One popular online mental health forum, Psych Central, has a bipolar section where members can post their stories and read others. The free website has volunteer listeners who can provide emotional support and persuade you to consult a mental health specialist.
Users report that the site can be confusing initially, but they say it helps them emotionally and makes them feel supported. It’s moderated and won’t replace professional help, but it can be an excellent place to start.
The Mood Disorders Support Group-NY (MDSG-NY) is a non-profit 501(c)(3) self-help, peer-led mental health organization that has been enhancing and saving lives since 1981. Their trained facilitators have experience and training in supporting individuals with bipolar, as well as their families and loved ones.
Look for a group that’s specific to bipolar disorder.
If your spouse has bipolar disorder, you’ll want to look for a group specific to the mental health condition. It is crucial because it will help you understand the illness better and support your spouse during the treatment process.
A support group provides a secure setting for members to express their feelings. It’s also a place where they can share information about their medications, therapy, self-care, and coping strategies.
Some groups are facilitated by a qualified expert like a social worker or psychologist, while volunteers lead others. Both groups can be helpful, too, but you’ll want to choose the type that works best for your loved one.
Couples, families, and friends of persons with bipolar disease can participate in various free in-person and online support groups offered by the Depression and Bipolar Alliance (DBSA). These peer-led groups are a great way to learn more about the condition and how to support your loved one.
Another good option is Mental Health America’s Inspire, which offers 24/7 moderated online support groups. Members can connect with other members and chat with a volunteer listener. This service won’t replace professional help, but it can be helpful for those unable to attend meetings.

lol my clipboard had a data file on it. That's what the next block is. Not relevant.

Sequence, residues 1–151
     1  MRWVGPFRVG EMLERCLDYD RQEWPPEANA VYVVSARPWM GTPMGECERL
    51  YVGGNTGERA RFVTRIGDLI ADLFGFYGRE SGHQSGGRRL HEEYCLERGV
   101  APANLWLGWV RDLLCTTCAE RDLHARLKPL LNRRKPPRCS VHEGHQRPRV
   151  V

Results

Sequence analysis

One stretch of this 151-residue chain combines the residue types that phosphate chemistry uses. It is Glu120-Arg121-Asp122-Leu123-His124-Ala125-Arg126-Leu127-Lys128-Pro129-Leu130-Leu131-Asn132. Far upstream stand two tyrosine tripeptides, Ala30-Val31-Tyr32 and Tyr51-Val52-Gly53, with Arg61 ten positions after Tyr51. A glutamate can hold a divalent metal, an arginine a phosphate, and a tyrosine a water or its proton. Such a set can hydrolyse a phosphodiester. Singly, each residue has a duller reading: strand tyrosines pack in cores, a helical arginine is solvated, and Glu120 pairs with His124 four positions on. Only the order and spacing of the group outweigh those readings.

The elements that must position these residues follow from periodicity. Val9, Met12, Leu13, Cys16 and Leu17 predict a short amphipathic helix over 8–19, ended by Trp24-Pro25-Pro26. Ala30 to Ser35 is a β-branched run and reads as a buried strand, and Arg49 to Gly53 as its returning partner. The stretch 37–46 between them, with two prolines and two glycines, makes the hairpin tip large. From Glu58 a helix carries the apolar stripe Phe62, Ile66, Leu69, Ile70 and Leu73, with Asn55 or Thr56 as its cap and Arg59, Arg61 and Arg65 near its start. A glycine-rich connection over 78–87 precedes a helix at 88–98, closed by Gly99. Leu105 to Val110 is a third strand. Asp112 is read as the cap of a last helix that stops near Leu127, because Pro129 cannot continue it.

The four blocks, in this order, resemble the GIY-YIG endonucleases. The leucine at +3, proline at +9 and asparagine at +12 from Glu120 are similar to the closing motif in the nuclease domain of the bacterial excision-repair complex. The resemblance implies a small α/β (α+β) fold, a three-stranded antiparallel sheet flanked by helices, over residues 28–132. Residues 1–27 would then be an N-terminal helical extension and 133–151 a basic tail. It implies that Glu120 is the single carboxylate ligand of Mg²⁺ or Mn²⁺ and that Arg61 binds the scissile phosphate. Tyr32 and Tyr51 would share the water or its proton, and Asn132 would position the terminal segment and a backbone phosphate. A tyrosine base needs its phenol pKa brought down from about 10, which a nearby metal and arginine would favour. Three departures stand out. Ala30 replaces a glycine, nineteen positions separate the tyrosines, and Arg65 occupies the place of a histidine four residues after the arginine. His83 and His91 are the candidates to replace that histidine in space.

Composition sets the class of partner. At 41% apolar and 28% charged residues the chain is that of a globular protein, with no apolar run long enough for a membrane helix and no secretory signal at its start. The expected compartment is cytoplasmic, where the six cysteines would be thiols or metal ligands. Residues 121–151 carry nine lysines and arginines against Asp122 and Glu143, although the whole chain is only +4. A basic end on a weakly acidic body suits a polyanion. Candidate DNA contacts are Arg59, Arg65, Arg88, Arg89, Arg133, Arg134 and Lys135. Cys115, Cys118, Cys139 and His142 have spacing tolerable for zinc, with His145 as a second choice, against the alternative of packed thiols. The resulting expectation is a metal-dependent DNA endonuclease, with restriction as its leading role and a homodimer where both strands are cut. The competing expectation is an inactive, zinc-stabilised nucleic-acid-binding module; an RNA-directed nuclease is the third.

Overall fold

The bottom line is that your spouse with bipolar disorder needs a supportive environment where they can express themselves without feeling shame or fear. Creating a healthy, safe environment in which they can do this will help them cope with their symptoms and keep their relationship strong.
Find a Therapist to Work With
A therapist can be a critical partner for your spouse with bipolar disorder, especially during the early stages of treatment. It is because a good therapist will know how to guide your spouse through the various phases of treatment. They’ll also be able to offer advice on medication and therapy techniques that will be most effective for your spouse.
You can start by looking for a reputable therapist in your area who has experience with treating individuals with bipolar disorder. Most states require therapists to have at least a master’s degree in psychology or social work and a certain amount of supervised clinical hours.
Generally, a therapist must take several courses in human development, cognitive psychology, and therapy. It will help you understand how to apply your knowledge to a client’s unique situation and create a customized treatment plan.